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Download The Interpreters ePub

by Wole Soyinda

Download The Interpreters ePub
  • ISBN 0006128726
  • ISBN13 978-0006128724
  • Language English
  • Author Wole Soyinda
  • Publisher HarperCollins Distribution Services; New edition edition (October 1, 1973)
  • Pages 256
  • Formats lrf doc txt azw
  • Category Fiction
  • Size ePub 1711 kb
  • Size Fb2 1779 kb
  • Rating: 4.7
  • Votes: 680

Describes a group of young Nigerian intellectuals trying to do something worthwhile with their lives in a society ruled by corruption, cynicism, social climbing and conformity.

Wole Soyinka- one of the greatest writers Africa, and the world has ever seen. Soyinka's The Interpreters is described as a "difficult book" which I agree, especially for the fist part of the book.

Wole Soyinka- one of the greatest writers Africa, and the world has ever seen. First African Nobel laureate.

by Wole Soyinda (Author). The Interpreters" are a group of Nigerian intellectuals who have traveled outside their home country and who have returned to confront and understand the gods of their ancestors, the government of their country, and their own fates.

Часто встречающиеся слова и выражения. The first African writer to win the Nobel Prize for Literature (1986), Wole Soyinka, a Yoruba from western Nigeria, is a distinguished playwright, poet, novelist, essayist, social critic, political activist, and literary scholar. A charming memoir of Soyinka's first 11 years, the book offers insights into Yoruba culture and its influence on his childhood.

The Interpreters is a novel by Wole Soyinka, first published in London in 1965 and later republished as part of the influential African Writers Series. It is the first and one of the only two novels written by Soyinka; he is principally known as a playwright. The novel is set in the 1960s, in post-independence and pre-civil war Nigeria, mainly in Lagos.

The Interpreters Mass Market Paperback – 1970. by. Wole Soyinka (Author). Find all the books, read about the author, and more.

Soyinka wrote this novelvery very early in his carreer.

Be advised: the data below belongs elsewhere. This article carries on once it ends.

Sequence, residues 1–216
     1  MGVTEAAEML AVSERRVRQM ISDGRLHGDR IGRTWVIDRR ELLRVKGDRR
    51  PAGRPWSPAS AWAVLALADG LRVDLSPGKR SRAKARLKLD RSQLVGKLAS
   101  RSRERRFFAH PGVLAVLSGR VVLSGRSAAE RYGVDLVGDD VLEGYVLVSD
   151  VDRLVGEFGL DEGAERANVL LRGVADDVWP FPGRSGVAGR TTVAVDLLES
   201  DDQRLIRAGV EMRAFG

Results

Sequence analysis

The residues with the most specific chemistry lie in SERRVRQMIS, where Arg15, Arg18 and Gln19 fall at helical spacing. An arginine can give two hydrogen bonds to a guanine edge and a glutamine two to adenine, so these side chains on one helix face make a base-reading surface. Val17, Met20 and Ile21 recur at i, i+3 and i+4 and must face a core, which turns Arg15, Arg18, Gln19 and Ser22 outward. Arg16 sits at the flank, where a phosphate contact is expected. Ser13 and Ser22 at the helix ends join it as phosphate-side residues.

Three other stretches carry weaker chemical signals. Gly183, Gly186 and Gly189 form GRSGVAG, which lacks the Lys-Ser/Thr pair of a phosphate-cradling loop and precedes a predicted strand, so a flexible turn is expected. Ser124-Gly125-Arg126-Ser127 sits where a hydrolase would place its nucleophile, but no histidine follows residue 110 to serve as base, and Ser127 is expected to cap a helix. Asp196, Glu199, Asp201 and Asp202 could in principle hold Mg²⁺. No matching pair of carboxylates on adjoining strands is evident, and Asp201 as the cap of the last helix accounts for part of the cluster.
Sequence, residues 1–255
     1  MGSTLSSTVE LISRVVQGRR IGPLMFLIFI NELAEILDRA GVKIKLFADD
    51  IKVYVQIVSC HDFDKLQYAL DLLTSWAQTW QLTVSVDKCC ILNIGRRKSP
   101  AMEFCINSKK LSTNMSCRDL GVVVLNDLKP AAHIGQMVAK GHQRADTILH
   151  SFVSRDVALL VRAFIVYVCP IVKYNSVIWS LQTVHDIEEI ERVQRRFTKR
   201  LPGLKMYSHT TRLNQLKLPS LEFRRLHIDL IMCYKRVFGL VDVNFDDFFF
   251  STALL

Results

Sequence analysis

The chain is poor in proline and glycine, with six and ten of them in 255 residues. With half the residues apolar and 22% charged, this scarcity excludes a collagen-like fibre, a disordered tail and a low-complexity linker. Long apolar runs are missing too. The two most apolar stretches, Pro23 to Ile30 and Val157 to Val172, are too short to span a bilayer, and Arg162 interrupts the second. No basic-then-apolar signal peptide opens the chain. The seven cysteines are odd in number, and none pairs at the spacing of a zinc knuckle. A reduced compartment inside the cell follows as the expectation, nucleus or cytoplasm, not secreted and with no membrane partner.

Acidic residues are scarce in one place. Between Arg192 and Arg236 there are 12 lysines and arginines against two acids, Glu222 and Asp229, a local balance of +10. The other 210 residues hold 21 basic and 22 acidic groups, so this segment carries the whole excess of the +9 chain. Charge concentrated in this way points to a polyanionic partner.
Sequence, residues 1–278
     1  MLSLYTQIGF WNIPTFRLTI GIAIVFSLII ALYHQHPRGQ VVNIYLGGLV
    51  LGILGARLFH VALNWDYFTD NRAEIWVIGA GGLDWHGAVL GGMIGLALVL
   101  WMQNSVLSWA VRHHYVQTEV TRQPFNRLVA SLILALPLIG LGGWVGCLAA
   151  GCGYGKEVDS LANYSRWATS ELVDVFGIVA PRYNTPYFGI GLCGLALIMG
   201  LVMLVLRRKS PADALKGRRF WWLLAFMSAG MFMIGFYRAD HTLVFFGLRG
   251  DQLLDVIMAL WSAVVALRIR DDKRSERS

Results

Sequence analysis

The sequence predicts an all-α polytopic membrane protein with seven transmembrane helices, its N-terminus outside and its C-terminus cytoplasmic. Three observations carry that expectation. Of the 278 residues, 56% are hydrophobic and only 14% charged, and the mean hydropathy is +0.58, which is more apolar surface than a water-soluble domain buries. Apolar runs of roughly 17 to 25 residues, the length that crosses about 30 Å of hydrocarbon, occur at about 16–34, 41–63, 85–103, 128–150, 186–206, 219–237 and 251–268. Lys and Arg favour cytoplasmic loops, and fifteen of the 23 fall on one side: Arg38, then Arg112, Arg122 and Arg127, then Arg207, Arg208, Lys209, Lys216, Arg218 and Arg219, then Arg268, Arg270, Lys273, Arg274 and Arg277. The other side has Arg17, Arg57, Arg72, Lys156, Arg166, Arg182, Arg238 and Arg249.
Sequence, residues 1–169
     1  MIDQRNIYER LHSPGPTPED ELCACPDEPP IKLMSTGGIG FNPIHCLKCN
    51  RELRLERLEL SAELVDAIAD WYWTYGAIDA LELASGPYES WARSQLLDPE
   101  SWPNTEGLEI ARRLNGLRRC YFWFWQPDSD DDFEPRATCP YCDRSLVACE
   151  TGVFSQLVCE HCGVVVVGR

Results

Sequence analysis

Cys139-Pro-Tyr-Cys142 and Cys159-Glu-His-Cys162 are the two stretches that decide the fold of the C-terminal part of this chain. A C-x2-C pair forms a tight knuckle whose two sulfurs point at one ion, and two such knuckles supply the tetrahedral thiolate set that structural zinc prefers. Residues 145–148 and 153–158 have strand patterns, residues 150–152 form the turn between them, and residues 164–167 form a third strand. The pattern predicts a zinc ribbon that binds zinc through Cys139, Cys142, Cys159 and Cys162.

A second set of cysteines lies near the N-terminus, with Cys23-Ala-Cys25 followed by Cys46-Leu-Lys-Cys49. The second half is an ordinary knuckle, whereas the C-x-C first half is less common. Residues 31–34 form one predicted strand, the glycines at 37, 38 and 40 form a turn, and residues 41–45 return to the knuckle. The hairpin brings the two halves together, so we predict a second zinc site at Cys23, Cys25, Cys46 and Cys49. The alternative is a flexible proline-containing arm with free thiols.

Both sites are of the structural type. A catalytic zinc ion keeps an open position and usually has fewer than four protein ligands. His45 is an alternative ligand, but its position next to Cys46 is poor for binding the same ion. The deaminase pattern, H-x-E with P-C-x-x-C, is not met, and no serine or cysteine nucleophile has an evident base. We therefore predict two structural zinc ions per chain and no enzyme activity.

The Interpreters (African Writers Series) by Wole Soyinka (31-Aug-1970) Paperback. Soyinka wrote this novelvery very early in his carreer. According to the citation, Soyinkas's Nobel Prize was for his plays, of which "Death and the King's Horseman" is arguably one of the best plays of the 20th century.

Complete summary of Wole Soyinka's The Interpreters. com will help you with any book or any question. eNotes plot summaries cover all the significant action of The Interpreters. View More Questions . Ask a question.

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Talk about The Interpreters


Madis
Good book. It had a lot of representation and symbols and stuff like that. Confused me a lot which is why I didn't enjoy it as much as other novels I have previously read.
HyderCraft
This is to correct the "educated" reviewer who claimed Wole soyinka won the Nobel Prize for "The Interpreters". Soyinka wrote this novelvery very early in his carreer. According to the citation, Soyinkas's Nobel Prize was for his plays, of which "Death and the King's Horseman" is arguably one of the best plays of the 20th century. The "I lived in Africa for 10 years" reviewer never read the play in his/her 10 years in the country called Africa!
Ddilonyne
"The Interpreters" are a group of Nigerian intellectuals who have traveled outside their home country and who have returned to confront and understand the gods of their ancestors, the government of their country, and their own fates. The book reminded me of some of my favorite "anarchic" novels of the '50s and '60s-"Lucky Jim," "The End of the Road," even "The Crying of Lot 49." Sagoe, the journalist character, has a fascinating and scatalogical philosophy of life that parodies French existentialism very cleverly. The other characters include a frustrated engineer who becomes a great sculptor, a painter hard at work throughout the narrative on an epic canvas depicting all the main characters as versions of the gods of Yorubaland, and an eccentric white Englishwoman who has married an unsuitable Nigerian bureaucrat and befriended his more liberal mother. The book works on several levels--as farce, as cultural critique of colonialism, and as an exploration of the ongoing legacy of the Yoruba gods who animate and obsess the interpreters. Most importantly, it is an entertaining and unpredictable story full of sharp insights and surprises.